Facebook may be celebrating rounding the 2 billion user mark, but Mark Zuckerberg already has his eyes set on the company's next goal: using the social platform to bring a massively divided society back together. While that may seem like an awfully lofty aspiration, it's very much in line with the awfully lofty role that Zuckerberg believes Facebook plays in our lives, a role he just likened to that of churches and intramural sports back before the internet and social media permeated every aspect of our day-to-day existence.
"A church doesn't just come together. It has a pastor who cares for the well-being of their congregation, makes sure they have food and shelter. A little league team has a coach who motivates the kids and helps them hit better. Leaders set the culture, inspire us, give us a safety net, and look out for us," Zuckerberg told an audience of influencers at the Facebook Community Summit last week, adding that each and every one of them had built a community that they lead with the same sort of tenacity that a religious leader would. He also revealed Facebook's new mission statement in the speech — "Give people the power to build community and bring the world closer together" — and a new plan to live up to it by recruiting half of the platform's active users into some sort of community-based group. It's a far cry from the 100 million (or five percent) of users who are currently engaging in groups Facebook deems to be "meaningful communities," and Facebook will be up against an incredible odds when it comes to getting users to solace within an online space that has housed live-streaming violence, fake news, and one of the most brutal battlefields during the 2016 election.
But it's not impossible. Over the last six months, Facebook has doubled the number of users who are community members by utilizing artificial intelligence to identify the communities best suited to individual users and plans to roll out a set of tools aimed toward boosting the quality of groups and the way that people interact with them over the coming months. Groups are not new to Facebook — the average user is a member of roughly 30 groups, though the breakdown of private and public in that number is unknown. Still, improving the quality and privacy of these spaces may indeed make for a safe place for those who want to talk to other like-minded individuals. It'll also require a whole lot of moderation and community-based involvement from the company and a willingness on the part of users to have Facebook employees privy to their private messages and discussions, a tradeoff that, given the right approach, could in fact make Facebook the place where people learn and grow from one another and not just a place to catch up on the lives of others or what's going on in the world.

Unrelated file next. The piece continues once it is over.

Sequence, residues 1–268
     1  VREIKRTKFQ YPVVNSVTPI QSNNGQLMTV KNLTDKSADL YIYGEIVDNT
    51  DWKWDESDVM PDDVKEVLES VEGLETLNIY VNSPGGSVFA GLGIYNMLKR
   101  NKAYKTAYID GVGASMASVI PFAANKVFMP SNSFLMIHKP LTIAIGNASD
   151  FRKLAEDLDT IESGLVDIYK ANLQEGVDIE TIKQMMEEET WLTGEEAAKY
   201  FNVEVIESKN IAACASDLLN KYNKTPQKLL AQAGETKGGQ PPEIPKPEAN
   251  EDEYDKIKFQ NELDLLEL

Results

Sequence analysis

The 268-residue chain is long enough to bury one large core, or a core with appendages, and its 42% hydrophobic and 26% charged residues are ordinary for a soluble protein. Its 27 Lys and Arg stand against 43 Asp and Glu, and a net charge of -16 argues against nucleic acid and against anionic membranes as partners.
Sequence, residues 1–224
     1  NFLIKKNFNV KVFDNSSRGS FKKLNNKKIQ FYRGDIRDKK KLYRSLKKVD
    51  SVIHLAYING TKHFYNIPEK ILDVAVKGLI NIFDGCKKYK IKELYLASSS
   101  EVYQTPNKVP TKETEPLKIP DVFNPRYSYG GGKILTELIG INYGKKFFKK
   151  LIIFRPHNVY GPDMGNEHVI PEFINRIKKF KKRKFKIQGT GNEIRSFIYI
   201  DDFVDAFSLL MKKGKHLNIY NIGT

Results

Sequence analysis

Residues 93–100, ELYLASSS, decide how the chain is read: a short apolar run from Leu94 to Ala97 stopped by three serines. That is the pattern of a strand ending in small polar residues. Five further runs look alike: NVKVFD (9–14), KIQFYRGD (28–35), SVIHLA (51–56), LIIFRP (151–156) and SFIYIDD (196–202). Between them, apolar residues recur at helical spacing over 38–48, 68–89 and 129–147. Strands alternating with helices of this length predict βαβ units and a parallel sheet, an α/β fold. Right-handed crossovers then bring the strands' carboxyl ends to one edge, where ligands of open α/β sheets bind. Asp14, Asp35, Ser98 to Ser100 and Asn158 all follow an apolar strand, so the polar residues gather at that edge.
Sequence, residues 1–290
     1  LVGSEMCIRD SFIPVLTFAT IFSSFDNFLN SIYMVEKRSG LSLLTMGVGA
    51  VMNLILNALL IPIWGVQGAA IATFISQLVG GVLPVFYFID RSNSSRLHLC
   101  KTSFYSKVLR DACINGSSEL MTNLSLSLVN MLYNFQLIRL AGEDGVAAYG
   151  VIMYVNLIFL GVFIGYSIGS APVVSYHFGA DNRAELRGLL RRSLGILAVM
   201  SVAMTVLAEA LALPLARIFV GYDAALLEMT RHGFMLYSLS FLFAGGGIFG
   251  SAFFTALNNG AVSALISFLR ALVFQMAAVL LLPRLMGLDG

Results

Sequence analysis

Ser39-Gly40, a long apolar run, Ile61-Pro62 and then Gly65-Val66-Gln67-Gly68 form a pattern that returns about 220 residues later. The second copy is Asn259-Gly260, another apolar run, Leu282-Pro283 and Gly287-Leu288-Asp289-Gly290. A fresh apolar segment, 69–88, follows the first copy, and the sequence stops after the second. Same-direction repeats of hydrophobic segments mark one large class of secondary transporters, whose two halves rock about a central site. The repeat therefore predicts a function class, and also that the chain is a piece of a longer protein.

For now, it's not wrong to be skeptical of the idea that Facebook is like a church (certainly some will even consider that claim blasphemous) or that certain users are de facto pastors. But there's absolutely something to be said about the creation of safe spaces in places that feel as though they may be becoming unhealthily toxic. We'll definitely be watching Facebook closely over the coming months, because if it puts the proper resources into this effort and does it right, it could have the power to change the internet, if not the world.